Its a battle line between profits and still being able to hire labor without dealing with any social responsibility to almost disposable so-called "unskilled" workers.
0 Replies
 
Leadfoot
 
  1  
Reply Thu 24 Aug, 2017 08:15 am
@emmett grogan,
Quote:
Absolutely not. When I waited table I averaged over $20/hr. My last year waiting I made over $50K with a $2.13/hr "minimum wage" hourly.

Tipped waiters work a lot harder than $15/hr waiter.

That's what I thought, and I agree.
But are you saying that how hard (or not) that you work should have no bearing on whether you make a 'living wage' ? You have a definition on what that even is?

OTOH, I never thought I'd say this but technology has about reached the point where we could soon furnish a basic living income to all without condition. It would have to be very carefully implemented in order to work. I think that the very first part of it would be basic shelter and food allowance rather than cash if you don't already have those things. After that you could work for any extra y ou wanted (or not) without forfeiting your basic allowance. This would of course go along with eliminating ALL forms of welfare, public and corporate.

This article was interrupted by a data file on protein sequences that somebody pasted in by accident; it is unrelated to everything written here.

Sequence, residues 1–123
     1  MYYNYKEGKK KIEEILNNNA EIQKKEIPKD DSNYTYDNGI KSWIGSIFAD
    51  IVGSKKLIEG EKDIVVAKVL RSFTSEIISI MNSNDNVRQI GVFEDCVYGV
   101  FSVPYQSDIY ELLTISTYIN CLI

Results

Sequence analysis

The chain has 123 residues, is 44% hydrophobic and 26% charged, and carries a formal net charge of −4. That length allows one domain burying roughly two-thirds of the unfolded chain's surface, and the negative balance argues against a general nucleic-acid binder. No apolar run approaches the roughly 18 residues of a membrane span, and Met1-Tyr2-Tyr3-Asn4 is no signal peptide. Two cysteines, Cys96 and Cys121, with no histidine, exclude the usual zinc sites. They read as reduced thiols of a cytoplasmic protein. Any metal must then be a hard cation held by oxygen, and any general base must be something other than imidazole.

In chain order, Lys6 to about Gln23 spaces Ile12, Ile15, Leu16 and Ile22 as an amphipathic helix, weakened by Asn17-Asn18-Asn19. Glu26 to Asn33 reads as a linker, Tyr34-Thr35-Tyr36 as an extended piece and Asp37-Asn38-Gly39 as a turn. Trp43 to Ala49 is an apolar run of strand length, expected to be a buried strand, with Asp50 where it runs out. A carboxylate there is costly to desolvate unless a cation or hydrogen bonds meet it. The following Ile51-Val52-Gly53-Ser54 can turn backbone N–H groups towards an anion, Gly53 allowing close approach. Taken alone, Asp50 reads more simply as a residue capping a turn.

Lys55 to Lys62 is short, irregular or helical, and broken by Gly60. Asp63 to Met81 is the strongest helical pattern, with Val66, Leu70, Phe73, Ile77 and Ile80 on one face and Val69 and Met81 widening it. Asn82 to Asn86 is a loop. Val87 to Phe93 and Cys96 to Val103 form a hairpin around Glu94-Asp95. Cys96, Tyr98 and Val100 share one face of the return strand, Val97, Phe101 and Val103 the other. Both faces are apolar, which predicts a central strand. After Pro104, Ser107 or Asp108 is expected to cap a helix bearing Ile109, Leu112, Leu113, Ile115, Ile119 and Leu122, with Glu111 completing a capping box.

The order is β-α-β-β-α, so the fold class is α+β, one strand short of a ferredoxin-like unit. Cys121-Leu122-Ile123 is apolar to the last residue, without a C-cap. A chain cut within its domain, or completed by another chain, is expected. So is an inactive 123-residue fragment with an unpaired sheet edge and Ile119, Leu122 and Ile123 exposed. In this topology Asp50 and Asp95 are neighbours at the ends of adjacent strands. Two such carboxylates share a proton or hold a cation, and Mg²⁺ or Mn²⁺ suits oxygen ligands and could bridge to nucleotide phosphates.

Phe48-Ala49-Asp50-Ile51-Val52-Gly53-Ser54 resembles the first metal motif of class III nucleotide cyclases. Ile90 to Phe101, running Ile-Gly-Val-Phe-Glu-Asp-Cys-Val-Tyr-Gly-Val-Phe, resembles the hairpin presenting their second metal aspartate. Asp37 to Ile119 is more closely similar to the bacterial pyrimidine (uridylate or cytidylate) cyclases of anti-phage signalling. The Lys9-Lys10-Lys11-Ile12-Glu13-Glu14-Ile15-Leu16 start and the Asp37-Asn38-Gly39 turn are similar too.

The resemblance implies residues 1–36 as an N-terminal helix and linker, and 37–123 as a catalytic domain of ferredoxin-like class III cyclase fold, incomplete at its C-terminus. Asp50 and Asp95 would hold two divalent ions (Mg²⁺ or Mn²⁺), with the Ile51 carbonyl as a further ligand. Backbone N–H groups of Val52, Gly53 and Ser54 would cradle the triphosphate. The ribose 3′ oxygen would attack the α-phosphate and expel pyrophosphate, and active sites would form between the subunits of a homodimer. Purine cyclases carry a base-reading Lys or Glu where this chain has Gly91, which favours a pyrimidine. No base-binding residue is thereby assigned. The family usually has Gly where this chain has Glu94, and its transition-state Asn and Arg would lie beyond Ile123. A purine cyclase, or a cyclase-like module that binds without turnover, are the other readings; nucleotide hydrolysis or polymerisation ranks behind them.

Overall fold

We could also furnish basic medical, but the liberals will have to give up their phobia of 'two tiered medical care'. Society does NOT owe unlimited medical care to everyone for free.
maporsche
 
  1  
Reply Thu 24 Aug, 2017 08:22 am
@Leadfoot,
Leadfoot wrote:

Society does NOT owe unlimited medical care to everyone for free.


That's up to society to decide, isn't it?

And of course it wouldn't be free. It would be single payer though, and at the point of care the patient wouldn't need to swipe a credit card.
Leadfoot
 
  1  
Reply Thu 24 Aug, 2017 06:32 pm
@maporsche,
Quote:
That's up to society to decide, isn't it?

No, principles are not up to society to decide. Society may decide to give it, but they don't 'owe' it.

Yea, magic credit card, that'll solve everything.
0 Replies
 
Real Music
 
  1  
Reply Thu 24 Aug, 2017 07:52 pm
@Angelgz2,
Are you oppose to laws requirng any minimum wage of any amount?

Or are you just oppose to the $15 minimum wage?

I ask this question because you may be in favor of a minimum wage, but not that amount.

Then again, you might be oppose to any and all minimum wage. I don't know.